When he was 25 years old William married Mary Ann Greig at the Church of St Anne in Soho, Westminster, London on 13 November 1814. They are not thought to have had any children.

William was described as a gentleman living at 2 Little Carter Lane, which was constructed of brick, when he took out a fire insurance policy with the Sun Fire Office on 14 February 1816 for £300 on his household goods and other personal effects at that address for which he initially paid 7s 6d.[19] William was a gentleman living at 10 Bow Lane, Cheapside, which was constructed of brick and timber, when he took another Sun Fire Office policy on 30 April 1823 for £300 on his household goods and other personal effects at that address for which he initially paid 10s.[20]

It seems that William let his 10 Bow Lane address be used, presumably for a fee, by people placing adverts in newspapers, who didn't want to use their own address. The 8 June 1826 edition of The Morning Post carried an advertisement for a servant to wait on young ladies where letters were to be addressed to S.H. at Mr Muddell's, 10 Bow Lane, Cheapside.

Featherbedds and Flock Bedds. The Early History of the Worshipful Company of Upholders of the City of London by J F Houston records that William Muddell was called to the Livery of the Worshipful Company of Upholders of the City of London on 2 October 1827. William was an upholsterer and cabinet maker living at 10 Bow Lane when he took a further Sun Fire Office policy on 11 October 1827 for £300 on his household goods and other personal effects at that address and in addition £250 for his stock, utensils and goods at that address where no cabinet making work was done for which he initially paid 18s 6d.[21]

William was described as a Citizen and Upholder of London, when by an indenture dated 1 July 1828 he took Robert Bull, son of William Bull of Chelmsford in Essex, as an apprentice for seven years, for which William was paid £60, a very different sum to the one penny that had been paid for William's own apprenticeship.[22]

William was an upholsterer living at 10 Bow Lane when he took another Sun Fire Office policy on and 8 October 1829 for £300 for his stock, utensils and goods, including live stock, at his warehouse and stables at Bull Wharf Lane, Upper Thames Street, which was constructed of brick and timber, for which he initially paid 7s 6d.[23]

It was either William or his brother Thomas who was the upholsterer named Muddell, who was named in a report from the Insolvent Debtors Court in The Times of 23 April 1831, as having sold £140 of furniture to William Slater at the beginning of 1831, and had then arrested Slater in February for non-payment and had him sent to prison.

William Muddell was an upholsterer and cabinet maker living at 6 Little St Thomas Apostle, which was constructed of brick, when he took out a Sun Fire Office policy on 15 June 1831 for £370 on his household goods and other personal effects at that address and in addition £230 for his stock, utensils and goods at that address where no cabinet making work was done. This policy was also for £100 for his stock, utensils and goods at his warehouse at 10 Bow Lane that was constructed of brick and timber and £100 for his live stock in stables and carthouse at Cousin Lane, Upper Thames Street (later changed to adjoining Mr Salt's Stable Yard, Moor Lane), which was constructed of brick and timber, for all this he initially paid £1 1s.[24] Also on the same day William, together with Elizabeth Swale of Mildenhall, Suffolk, took out a Sun Fire Office policy for £800 on his dwelling house and workshops at 6 Little St Thomas Apostle where no cabinet making work was done, for which they initially paid 16s.[25] On 7 December 1831 John Brenton esquire of 18 York Street, Portman Square took out a Sun Fire Office policy for £1000 to cover his household goods, wearing apparel, printed books, plate, pictures, prints, china and glass stored in the warehouse at Bow Lane of upholsterer Muddell, who lived at 6 Little St Thomas Apostle.[26]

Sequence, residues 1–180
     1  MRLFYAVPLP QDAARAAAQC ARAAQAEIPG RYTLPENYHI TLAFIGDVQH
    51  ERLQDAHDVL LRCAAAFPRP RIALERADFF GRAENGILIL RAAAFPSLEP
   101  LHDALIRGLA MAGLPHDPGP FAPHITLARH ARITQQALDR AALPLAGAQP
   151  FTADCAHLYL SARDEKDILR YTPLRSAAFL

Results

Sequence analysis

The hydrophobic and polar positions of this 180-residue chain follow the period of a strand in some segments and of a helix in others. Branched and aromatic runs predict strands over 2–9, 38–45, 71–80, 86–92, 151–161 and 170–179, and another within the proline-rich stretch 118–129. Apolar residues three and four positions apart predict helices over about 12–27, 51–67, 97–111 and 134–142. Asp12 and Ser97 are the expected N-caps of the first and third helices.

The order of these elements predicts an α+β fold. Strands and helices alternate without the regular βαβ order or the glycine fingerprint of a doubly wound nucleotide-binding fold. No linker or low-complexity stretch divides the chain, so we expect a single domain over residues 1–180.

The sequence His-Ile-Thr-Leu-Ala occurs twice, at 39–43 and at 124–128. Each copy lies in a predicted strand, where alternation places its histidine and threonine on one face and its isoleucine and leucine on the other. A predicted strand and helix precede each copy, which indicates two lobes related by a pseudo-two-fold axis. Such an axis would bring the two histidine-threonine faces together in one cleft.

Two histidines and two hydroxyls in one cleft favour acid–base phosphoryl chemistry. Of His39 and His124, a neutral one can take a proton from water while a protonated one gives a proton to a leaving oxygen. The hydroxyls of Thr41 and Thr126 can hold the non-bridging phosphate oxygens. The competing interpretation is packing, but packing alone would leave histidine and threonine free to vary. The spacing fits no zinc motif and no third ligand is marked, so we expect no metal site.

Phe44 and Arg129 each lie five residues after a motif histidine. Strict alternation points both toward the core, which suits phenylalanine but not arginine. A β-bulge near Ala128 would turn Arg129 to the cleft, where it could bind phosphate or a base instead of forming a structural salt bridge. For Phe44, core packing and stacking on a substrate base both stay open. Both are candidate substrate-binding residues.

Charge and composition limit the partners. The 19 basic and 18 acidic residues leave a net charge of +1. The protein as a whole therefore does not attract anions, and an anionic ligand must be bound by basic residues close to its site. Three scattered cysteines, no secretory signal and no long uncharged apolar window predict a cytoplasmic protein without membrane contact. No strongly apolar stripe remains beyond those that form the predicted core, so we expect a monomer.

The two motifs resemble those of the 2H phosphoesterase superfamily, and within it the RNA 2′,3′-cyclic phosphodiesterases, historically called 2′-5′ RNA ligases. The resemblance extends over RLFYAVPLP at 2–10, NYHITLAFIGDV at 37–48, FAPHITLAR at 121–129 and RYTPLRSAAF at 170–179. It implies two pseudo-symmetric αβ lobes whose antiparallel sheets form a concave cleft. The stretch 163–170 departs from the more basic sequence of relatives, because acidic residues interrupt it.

An advert in The Times of 20 July 1832 for a house for let at Upper Stamford Street requested that those interested contact W Muddell and Co at 6 St Thomas Apostle, Queen Street, Cheapside for particulars and cards to view.

William was an upholsterer and cabinet maker living at 6 Little St Thomas Apostle when he took out a Sun Fire Office policy on 25 July 1833 for £370 on his household goods and other personal effects at that address and in addition £230 for his stock, utensils and goods at that address where no cabinet making work was done. This policy was also for £100 for his stock, utensils and goods at his warehouse at 10 Bow Lane and £100 for his stock and utensils, including livestock, in stables and carthouse adjoining Mr Saltís Stable Yard, Moor Lane, which was constructed of brick and timber, for all this he initially paid £1 3s.[27]

Then on 20 August 1833 William and Thomas Muddell, gentlemen, of 6 Little St Thomas Apostle, Queen Street took out a Sun Fire Office policy for £300 on two adjoining houses at Gillingham in Kent that were in private tenure and were constructed of timber and tile.[28] The Post Office London Directory for 1833 and 1834 both listed William Muddell as an upholsterer etc. of 6 Little Thomas Apostle. The West Kent Poll Books for 1835 and 1837, which recorded the electors for Knights of the Shire (Members of Parliament) to represent the Western Division of Kent, both listed William Muddle of Little St Thomas Apostle as one of the electors, which means that to qualify to vote William must have owned freehold property to at least the value of 40 shillings' annual rental within the Western Division of Kent, probably the property at Gillingham he had taken out a fire insurance policy for in 1833.